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Eudora Welty on Friendship as an Evolutionary Mechanism for Language

“When we learned to speak to, and listen to, rather than to strike or be struck by, our fellow human beings, we found something worth keeping alive, worth possessing, for the rest of time.”

Eudora Welty on Friendship as an Evolutionary Mechanism for Language

“I sometimes awake in the night and think of friendship and its possibilities,” Henry David Thoreau wrote in his diary as he turned forty and found himself contemplating the most succulent fruits of existence. But where exactly does the sweetness of friendship reside? How is it synthesized on the tongue of being?

In my recent effort to counter the commodification of the word “friend” and reclaim the meaning of friendship through a taxonomy of platonic relationships, I was led to something rather beautiful and rather forgotten that Eudora Welty (April 13, 1909–July 23, 2001) wrote on the subject in The Norton Book of Friendship (public library) — a 1991 treasure trove of literature’s greatest letters, poems, stories, essays, and other wisdom on friendship, which Welty edited together with her dear friend Ronald A. Sharp.

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In her introduction to the anthology, Welty considers one of the central perplexities of friendship — the way in which it weaves itself in and out of what we call love, a word with very particular cultural baggage, and the way in which we, in our effort to disentangle this entwinement into neater and more comprehensible categories, draw a somewhat arbitrary line between the two. She writes:

Friendship and love … know each other and avail themselves of each other. The solidest friendship is that of friends who love one another.

To this I would add that in the fullest and most rewarding of friendships, the two friends are always a little bit in love with one another. We need not classify the type of love as erotic, romantic, creative, intellectual, spiritual, or some other kind, only to know that a great friendship cycles, at one point or another, through each type.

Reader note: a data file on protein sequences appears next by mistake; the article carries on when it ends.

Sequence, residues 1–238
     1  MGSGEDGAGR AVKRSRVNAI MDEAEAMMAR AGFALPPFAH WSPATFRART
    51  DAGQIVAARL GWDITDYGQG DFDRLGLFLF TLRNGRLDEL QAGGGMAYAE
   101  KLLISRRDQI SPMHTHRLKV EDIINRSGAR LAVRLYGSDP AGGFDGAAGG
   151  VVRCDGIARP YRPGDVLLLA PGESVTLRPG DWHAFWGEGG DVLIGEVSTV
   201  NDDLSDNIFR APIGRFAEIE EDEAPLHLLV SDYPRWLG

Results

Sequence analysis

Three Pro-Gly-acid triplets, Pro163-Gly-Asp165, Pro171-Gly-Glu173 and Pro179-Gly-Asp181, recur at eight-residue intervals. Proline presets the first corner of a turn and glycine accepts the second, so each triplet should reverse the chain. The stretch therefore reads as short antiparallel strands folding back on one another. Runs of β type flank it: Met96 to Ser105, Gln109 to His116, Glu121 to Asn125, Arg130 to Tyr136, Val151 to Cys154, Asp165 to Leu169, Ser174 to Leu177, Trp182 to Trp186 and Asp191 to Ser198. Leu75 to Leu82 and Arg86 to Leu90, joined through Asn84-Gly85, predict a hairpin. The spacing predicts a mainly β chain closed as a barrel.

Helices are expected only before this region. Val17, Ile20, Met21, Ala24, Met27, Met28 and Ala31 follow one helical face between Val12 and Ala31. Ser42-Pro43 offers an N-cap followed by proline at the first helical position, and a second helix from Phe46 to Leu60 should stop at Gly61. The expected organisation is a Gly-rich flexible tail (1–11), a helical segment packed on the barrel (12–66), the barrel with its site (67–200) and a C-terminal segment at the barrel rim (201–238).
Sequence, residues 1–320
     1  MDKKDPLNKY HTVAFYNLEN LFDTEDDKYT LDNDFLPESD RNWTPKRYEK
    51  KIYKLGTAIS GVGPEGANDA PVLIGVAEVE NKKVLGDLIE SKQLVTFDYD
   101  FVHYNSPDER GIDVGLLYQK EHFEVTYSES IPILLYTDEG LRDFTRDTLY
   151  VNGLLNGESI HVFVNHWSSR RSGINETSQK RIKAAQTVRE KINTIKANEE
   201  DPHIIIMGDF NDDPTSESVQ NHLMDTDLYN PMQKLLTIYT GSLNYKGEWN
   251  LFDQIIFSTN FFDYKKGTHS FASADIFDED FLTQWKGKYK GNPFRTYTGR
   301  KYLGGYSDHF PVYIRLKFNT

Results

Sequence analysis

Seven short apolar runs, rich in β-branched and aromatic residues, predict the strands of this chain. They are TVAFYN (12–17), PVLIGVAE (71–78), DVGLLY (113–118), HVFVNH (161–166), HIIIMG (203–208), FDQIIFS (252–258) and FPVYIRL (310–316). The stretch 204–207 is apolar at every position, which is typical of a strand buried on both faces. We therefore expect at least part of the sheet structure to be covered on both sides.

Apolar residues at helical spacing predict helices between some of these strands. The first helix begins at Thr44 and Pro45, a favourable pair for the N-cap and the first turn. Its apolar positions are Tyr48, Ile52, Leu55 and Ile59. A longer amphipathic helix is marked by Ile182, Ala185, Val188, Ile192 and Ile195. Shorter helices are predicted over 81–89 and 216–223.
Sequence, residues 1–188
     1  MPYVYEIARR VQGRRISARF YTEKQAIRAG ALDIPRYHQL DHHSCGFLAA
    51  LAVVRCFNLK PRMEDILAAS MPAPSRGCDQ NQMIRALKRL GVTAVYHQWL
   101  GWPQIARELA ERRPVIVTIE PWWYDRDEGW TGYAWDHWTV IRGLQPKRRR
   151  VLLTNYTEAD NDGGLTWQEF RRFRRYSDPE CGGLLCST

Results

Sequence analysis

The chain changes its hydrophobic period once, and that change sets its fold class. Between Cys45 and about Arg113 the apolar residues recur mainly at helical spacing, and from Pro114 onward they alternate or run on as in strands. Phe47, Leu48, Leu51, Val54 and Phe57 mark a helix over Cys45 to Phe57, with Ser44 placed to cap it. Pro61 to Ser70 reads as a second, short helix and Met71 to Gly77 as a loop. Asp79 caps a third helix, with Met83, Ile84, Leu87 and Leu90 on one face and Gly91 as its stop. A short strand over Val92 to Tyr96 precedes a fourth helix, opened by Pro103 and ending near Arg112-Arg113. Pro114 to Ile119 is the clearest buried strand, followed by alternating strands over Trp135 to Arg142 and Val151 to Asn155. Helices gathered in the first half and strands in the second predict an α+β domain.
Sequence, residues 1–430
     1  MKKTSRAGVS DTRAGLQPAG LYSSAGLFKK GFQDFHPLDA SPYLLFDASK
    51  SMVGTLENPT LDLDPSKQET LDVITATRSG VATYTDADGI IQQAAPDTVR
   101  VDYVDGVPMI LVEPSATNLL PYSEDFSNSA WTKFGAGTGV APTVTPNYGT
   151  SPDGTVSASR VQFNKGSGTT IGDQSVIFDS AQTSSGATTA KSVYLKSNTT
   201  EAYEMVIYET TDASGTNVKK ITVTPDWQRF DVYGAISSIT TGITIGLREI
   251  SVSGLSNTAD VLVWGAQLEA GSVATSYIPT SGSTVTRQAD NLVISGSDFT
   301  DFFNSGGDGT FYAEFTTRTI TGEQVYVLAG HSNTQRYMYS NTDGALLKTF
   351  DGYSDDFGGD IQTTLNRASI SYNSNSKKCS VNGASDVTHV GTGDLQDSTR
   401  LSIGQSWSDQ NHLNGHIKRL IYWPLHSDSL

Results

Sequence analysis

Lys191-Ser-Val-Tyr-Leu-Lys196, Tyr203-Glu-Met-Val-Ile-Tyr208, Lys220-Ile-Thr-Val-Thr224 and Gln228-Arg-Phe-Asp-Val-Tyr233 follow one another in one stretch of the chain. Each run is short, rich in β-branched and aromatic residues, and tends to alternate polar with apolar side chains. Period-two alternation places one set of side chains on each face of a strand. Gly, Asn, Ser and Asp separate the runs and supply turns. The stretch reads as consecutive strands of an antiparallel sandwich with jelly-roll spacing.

Welty examines the singular magnetism of friendship in our lives and in our art:

“Friendship” is inherently a magnet. As with its own drawing power, it locates and draws to the surface, spreads before our eyes poems, stories, essays, letters, in the widest variety.

[…]

Certainly friendship has proved a magnet to literature, an everlasting magnet. History, poetry, drama, letters have been drawn to the subject of friendship, not simply to celebrate it but to discover, perceive, learn from it the nature of ourselves, of humankind, the relationships we share in our world.

Friendship has inherited its literary treasury; it lies in the language… And in that treasury’s further stories of pure gold are the works of the imagination, some old as time, some coined only yesterday.

Welty’s most salient point has to do with precisely this linguistic dimension of friendship — it might be the basic necessities of friendship, she suggests, that sparked in us the evolutionary need for language. It’s a notion both wonderfully poetic and rather plausible — we know that music and language helped us evolve, and what is friendship if not learning the song of another’s heart and singing it back to them?

Illustration by Maurice Sendak from a vintage ode to friendship by Janice May Udry

Welty writes:

Did friendship between human beings come about in the first place along with — or through — the inspiration of language? It can be safe to say that when we learned to speak to, and listen to, rather than to strike or be struck by, our fellow human beings, we found something worth keeping alive, worth possessing, for the rest of time. Might it possibly have been the other way round — that the promptings of friendship guided us into learning to express ourselves, teaching ourselves, between us, a language to keep it by? Friendship might have been the first, as well as the best, teacher of communication. Which came first, friendship or the spoken word? They could rise from the same prompting: to draw together, not to pull away, not to threaten any longer.

Friendship lives, as do we ourselves, in an ephemeral world. How much its life depends on the written word. The English language itself is friendship’s greatest treasure…. Do we not owe friendship, as we owe Shakespeare, to language?